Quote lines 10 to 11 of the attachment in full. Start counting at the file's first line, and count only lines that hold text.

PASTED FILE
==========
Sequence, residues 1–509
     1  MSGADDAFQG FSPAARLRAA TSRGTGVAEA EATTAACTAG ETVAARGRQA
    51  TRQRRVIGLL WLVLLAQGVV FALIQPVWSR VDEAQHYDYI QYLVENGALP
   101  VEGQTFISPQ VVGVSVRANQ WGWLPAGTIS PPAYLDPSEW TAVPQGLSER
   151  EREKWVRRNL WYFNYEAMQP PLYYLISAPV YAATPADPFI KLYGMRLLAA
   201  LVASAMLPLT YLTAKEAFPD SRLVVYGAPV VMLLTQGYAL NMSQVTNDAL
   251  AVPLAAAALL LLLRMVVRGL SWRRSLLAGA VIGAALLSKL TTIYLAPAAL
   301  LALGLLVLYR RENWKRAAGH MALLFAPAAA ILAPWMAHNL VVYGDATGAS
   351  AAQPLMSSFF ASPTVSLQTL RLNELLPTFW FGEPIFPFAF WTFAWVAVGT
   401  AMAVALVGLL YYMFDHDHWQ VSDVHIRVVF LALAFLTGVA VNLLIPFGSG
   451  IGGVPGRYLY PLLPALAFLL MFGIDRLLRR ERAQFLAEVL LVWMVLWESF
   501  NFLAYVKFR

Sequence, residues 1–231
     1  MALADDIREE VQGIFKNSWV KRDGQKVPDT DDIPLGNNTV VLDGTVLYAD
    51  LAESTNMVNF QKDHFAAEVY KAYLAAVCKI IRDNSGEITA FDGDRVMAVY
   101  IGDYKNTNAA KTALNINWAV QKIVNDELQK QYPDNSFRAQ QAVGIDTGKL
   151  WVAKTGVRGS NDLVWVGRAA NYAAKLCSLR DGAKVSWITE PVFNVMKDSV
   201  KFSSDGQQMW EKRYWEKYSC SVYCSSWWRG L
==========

   401  AMAVALVGLL YYMFDHDHWQ VSDVHIRVVF LALAFLTGVA VNLLIPFGSG
   451  IGGVPGRYLY PLLPALAFLL MFGIDRLLRR ERAQFLAEVL LVWMVLWESF